UK Taking Little Steps toward Big Goals

Swirling around Kentucky is talk about what could happen in the future.

Thoughts of winning a national championship are never far from the Wildcats’ minds. And they cannot escape the fact that they could play in a regional hosted in Rupp Arena next weekend.

“That’s just there,” UK head coach Matthew Mitchell said. “In today’s day and age, you can’t run from that. It’s just there. It’s on their phone all the time. It’s in front of them all the time, so it’s not something that you can ignore and act like you can shield them from it.”

Though he’s wise enough to know such talk is unavoidable, Mitchell is refusing to let his team get caught up in it. Instead, Mitchell will continue to preach to his players that the only way for them to reach their intended destination is to take the next small step.

That starts with a Sunday practice in preparation for a second-round matchup between third-seeded Kentucky (24-7) and sixth-seeded Oklahoma (21-10) at 6:30 p.m. on Monday in Memorial Coliseum.

“For you to be successful and for us to reach our dreams and goals and accomplish what we want to accomplish, we have to stay firmly planted in the present and do what we can control, work on that,” Mitchell said. “So that’s today’s practice.”

Mitchell has a couple things working in his favor when it comes to getting the Cats’ attention.

For one, the second round of the NCAA Tournament has historically been a significant challenge for Kentucky. UK’s season ended there a year ago as well as in 2011, and two of the Cats’ last three second-round wins have come by five points or fewer. 

“We’ve never breezed through to the Sweet 16,” Mitchell said. “It’s always been a battle.”

That doesn’t figure to be any different against the Sooners. Oklahoma enters the game ranked (No. 23 according to coaches, No. 24 in the Associated Press poll) and coming off an impressive 61-45 win over Purdue that saw the Sooners reject 13 shots.

“We’re preparing for an absolute battle and fight to the finish in order to earn your way into the Sweet 16,” Mitchell said. “So it’s no trouble here trying to guard against a letdown because Oklahoma is a top-level, top-25 perennial tournament team that has great history and their coach is absolutely one of the best in the country. So I’m not really worried about guarding against a letdown right now. I’m trying to get them ready to beat a very good team.”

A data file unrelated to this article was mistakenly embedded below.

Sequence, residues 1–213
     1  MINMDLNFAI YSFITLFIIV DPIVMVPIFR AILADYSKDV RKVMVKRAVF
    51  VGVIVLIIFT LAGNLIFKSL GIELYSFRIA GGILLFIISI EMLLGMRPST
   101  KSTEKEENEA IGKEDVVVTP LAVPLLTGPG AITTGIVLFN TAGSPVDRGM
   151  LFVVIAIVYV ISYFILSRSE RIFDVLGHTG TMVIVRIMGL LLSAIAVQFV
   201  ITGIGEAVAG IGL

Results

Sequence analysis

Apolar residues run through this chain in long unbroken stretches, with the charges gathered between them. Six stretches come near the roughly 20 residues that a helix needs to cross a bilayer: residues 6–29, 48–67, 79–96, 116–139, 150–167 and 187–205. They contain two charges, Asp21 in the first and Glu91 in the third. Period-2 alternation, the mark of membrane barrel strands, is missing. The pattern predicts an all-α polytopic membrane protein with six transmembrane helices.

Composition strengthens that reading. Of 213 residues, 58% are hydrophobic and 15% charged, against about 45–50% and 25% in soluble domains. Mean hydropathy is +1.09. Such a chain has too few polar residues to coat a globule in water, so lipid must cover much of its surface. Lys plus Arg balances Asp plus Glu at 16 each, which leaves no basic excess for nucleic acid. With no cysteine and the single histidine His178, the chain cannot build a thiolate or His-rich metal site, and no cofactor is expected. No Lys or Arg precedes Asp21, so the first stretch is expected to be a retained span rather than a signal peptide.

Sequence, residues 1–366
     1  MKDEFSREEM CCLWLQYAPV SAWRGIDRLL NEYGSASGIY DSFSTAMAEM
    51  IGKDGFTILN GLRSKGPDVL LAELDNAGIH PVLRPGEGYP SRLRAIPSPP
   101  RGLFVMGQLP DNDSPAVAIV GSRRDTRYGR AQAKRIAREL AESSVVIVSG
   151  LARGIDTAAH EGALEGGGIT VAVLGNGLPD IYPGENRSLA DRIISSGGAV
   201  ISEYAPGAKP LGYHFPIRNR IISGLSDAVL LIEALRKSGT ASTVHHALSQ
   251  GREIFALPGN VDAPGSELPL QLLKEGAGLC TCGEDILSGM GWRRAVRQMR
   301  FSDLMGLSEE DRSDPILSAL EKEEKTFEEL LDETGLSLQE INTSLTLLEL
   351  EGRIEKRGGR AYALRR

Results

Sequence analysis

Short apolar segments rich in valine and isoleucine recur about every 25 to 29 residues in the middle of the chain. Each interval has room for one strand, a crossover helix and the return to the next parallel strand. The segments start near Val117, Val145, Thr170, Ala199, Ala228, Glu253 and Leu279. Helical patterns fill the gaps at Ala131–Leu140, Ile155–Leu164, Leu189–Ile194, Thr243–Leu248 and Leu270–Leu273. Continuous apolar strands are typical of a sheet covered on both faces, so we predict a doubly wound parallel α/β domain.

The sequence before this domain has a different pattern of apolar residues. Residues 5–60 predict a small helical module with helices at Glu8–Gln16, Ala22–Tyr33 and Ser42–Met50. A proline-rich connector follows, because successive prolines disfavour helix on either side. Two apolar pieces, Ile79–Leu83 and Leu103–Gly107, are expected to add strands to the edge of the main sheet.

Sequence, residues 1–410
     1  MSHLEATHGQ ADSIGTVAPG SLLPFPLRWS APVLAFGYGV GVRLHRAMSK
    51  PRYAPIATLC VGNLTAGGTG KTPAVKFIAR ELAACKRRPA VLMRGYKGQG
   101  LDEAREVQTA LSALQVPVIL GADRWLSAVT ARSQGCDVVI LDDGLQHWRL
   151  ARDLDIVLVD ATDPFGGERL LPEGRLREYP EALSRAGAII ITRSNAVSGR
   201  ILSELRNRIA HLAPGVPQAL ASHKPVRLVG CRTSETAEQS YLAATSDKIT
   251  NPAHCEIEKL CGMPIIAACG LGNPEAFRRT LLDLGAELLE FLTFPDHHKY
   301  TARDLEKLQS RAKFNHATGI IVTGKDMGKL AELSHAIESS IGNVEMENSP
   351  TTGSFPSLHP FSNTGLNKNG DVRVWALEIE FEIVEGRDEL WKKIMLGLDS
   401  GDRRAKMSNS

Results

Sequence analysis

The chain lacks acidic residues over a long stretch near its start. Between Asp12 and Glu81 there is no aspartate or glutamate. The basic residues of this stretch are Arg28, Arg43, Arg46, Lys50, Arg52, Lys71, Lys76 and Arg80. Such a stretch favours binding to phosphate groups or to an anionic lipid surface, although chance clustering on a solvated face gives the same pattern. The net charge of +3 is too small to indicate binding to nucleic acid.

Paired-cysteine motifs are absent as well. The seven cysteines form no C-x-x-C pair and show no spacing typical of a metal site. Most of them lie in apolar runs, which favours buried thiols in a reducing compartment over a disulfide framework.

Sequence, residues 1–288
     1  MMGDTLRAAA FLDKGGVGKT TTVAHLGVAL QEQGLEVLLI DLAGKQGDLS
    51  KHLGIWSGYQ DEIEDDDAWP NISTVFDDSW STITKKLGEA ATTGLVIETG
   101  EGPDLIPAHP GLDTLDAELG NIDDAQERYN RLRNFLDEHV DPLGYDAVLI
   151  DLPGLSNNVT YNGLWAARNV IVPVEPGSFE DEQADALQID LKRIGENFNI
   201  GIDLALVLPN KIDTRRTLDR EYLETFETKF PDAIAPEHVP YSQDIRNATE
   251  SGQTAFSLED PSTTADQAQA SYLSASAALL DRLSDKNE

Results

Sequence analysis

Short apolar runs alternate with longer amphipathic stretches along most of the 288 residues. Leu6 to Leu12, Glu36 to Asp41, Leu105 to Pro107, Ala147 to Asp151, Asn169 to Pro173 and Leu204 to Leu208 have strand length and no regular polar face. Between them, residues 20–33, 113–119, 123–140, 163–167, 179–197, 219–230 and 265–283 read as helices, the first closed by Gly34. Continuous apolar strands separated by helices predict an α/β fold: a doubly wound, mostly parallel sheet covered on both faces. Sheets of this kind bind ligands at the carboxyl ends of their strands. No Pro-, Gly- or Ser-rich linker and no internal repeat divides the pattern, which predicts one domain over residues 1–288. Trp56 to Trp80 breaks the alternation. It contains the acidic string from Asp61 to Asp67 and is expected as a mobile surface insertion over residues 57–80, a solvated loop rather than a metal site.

Mitchell was effusive in his praise of Oklahoma head coach Sherri Coale, saying he has emulated her in much of what he has done in building his own program. He has split two head-to-head matchups with Coale, falling in the Elite Eight in 2010 and winning an early-season overtime battle last year, and would make the third time the last if he were left to his own devices.

“I’ve had the misfortune of playing against her twice now and I’m glad it’s only twice,” Mitchell said. “I hope I don’t have to play against her again for a long time. But she knows how to make adjustments in the game so the challenge is great just trying to match wits with her.”

Making it even more of a challenge is a talented frontcourt featuring 6-foot-3 leading scorer Kaylon Williams and 6-4 super sub Vionise Pierre-Louis.

“Well the two kids, 42 (Williams) and 0 (Pierre-Louis), have great size and great length and they’re very top-level players,” Mitchell said. “They will create a real challenge. What you have to do when you’re going against players of that caliber is you have to rely on your strengths.”

Therein lies the final element of Mitchell’s message to his team. As good as Oklahoma may be, getting caught up in the Sooners is the last thing UK can afford to do. To take the next step toward the big-picture goals the Cats are keeping in the back of their minds, they have to take care of themselves.

“We’ve just got to focus on Kentucky,” junior Makayla Epps said. “We’ve got to keep doing what Kentucky does best. Pushing the pace, personalizing communication on defense, just everything we work on every day in practice. We’ve got to transfer that to the court. When that happens for us, we’re a really good ball club and we’ve done some really good things.”